Where To Eat Pho In Atlanta guide image


Where To Eat Pho In Atlanta

We can never forget about the hot bowl of broth, no matter what season it is.

Sometimes we need pho to comfort us when a polar vortex has descended upon the city. But since we also need its reviving powers whenever we’re feeling emotionally frigid on the inside, we can never forget about the hot bowl of broth, no matter what season it is. Here are some of our favorite places to warm up our bodies and our cold, cold hearts with the tasty Vietnamese noodle soup.


Pho Dai Loi 2

A glittery chandelier hangs above the large, otherwise generic beige-tiled dining area—a sharp contrast to the generally casual interior of Pho Dai Loi 2 on Buford Highway. We love the variety here and have yet to try a bowl we don't like—this is easily one of the best pho places in ATL. Goldilocks would be at home with the bowls in three sizes (the large IS large) and the most pho selections of any place in town. It’s hard to recommend just one, but try a bowl with rare beef because it’s so tender it falls apart as it makes the trip to your mouth and melts once it hits your tongue.

Slide into a booth at Nam Phuong on Buford Highway and settle in because it’ll take a long time to look through their menu, which feels like the size of War and Peace (and makes for better reading). Or just order the pho, because it’s the best thing on the long-ass menu (the pork intestines are a very close second). These bowls of pho are massive and could easily be shared by two people, but that would be weird, and we’re selfish. But we’ll generously share this guidance: don’t ruin your broth with extra condiments. It’s a little saltier than most places and honestly is perfect as is. The meat here can be a little tough, but that’s easily forgiven since you’ll really want to slurp the liquid gold broth down with a straw.

What We Suki Suki lacks in aesthetics, it more than makes up for in flavor. It’s a tight squeeze inside the narrow Qommunity (EAV’s global food collective), and at lunch time, it’s nearly impossible to find a seat at the few picnic tables inside. We almost always have to wait for our decent sized bowl of broth, but since this is one of our favorite pho spots in Atlanta, it’s always worth it. Their broth is marinated for 24 hours and packed with meat (get the eye of round beef pho), perfectly cooked noodles, and so much cilantro we almost mistook the bowl of greenery for a salad.  We wish we could guzzle this broth every day, but they’re only open Wednesday through Friday for lunch.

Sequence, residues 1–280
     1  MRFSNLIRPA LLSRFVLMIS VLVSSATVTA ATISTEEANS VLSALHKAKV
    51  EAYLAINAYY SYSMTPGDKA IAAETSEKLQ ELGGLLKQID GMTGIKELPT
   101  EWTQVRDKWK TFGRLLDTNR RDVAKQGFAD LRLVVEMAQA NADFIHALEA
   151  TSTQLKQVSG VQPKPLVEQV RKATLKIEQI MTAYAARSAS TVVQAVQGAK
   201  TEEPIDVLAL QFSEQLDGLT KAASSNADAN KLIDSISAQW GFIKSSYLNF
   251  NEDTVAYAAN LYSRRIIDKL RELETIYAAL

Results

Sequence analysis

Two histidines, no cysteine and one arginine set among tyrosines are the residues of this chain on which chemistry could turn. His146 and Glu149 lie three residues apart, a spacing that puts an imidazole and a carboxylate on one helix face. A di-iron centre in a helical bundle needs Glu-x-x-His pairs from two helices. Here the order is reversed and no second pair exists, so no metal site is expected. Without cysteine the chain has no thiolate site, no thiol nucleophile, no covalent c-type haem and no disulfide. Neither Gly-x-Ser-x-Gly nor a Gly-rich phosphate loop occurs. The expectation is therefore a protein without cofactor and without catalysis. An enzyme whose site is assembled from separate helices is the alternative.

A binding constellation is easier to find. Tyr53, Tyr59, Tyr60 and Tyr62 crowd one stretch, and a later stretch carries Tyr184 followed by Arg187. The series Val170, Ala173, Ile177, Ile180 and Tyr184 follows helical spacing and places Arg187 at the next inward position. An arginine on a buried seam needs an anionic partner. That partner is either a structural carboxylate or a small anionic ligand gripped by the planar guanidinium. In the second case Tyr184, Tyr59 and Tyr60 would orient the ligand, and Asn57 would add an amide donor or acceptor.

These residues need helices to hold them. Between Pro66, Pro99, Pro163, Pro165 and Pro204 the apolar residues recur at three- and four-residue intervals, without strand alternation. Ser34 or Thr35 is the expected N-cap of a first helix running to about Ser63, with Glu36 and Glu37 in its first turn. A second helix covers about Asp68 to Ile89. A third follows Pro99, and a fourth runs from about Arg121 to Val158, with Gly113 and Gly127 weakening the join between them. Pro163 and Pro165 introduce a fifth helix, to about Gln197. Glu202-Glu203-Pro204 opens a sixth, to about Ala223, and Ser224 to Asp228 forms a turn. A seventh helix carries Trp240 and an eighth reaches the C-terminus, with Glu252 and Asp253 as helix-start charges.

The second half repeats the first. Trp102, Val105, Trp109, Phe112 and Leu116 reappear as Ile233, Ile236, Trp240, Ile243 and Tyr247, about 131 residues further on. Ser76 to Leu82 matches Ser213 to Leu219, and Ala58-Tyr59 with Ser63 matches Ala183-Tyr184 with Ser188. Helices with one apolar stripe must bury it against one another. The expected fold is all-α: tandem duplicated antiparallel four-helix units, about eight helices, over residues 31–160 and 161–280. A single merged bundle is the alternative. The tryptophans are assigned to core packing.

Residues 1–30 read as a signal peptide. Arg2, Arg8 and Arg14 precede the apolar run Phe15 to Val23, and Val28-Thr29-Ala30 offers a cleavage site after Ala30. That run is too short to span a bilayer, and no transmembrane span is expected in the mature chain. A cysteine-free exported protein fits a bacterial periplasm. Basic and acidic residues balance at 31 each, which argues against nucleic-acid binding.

From the bright, loud yellow walls in the one-room dining area to the steady roar of conversation from diners and a constant stream of people picking up carryout orders, it’s safe to say Anh’s Kitchen will assault your senses. But the invasion of flavors is why we keep going back to this casual Vietnamese eatery in the heart of Midtown. Their expansive menu features everything from banh mi to clay pot dishes, but the pho is a crowd favorite. Get the filet mignon pho with medium-rare slices of beef or try one of their rotating specials with fun options like a lobster pho. The bowls are enormous and filled to the brim with thin, traditional rice noodles, but the meat (we’re still salivating over the tender beef) is the star of the show.

Whoever designed the interior of Mai Kitchen in VA Highlands had a love affair with cut-out shelves. They are everywhere and filled with bottles, flowers, and other knickknacks. The giant white-domed lighting fixtures make you feel like you might be beamed up at any moment. But it all pulls together to give off laid-back yet trendy vibes that we kinda dig. With only three pho options, it’s easy to feel a little cheated—until you taste the broth. Good things take time, so it’s marinated for a full 24 hours and is so hearty that you might be tempted to drink only the broth. The meat isn’t quite as good as its sister restaurant, Anh’s Kitchen (the brisket is a little tough while the filet mignon is solid), but the broth and perfectly cooked noodles make up for it.

When we’re craving a meal inspired by the street food scene of Saigon, we head to Lady Ha. It sits beneath the Ford Factory Lofts, just off the BeltLine. Although the interior with exposed brick walls and industrial chic light fixtures would be easy to write off as just more BeltLine development explosion, one bite of their banh mi's slathered with butter mayo will have you eating your words. While this isn’t strictly a pho spot, it’s still a solid stop when we’re craving some hot broth—the nearly-colorless house chicken pho reminds us of the comforting chicken noodle soup from our childhood. Stuffed with thin noodles and scallions, the cilantro is served on the side, so if your olfactory receptors have a thing against the herb (our condolences), you can still enjoy.